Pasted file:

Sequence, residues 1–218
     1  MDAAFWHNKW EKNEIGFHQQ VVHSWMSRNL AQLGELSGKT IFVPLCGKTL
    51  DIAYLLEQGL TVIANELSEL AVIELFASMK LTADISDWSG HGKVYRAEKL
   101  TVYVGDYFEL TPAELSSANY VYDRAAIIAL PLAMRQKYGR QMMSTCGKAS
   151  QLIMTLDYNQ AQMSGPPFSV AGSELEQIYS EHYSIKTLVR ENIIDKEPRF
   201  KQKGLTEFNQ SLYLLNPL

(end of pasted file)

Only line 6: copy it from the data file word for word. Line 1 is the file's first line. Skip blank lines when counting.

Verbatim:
   201  KQKGLTEFNQ SLYLLNPL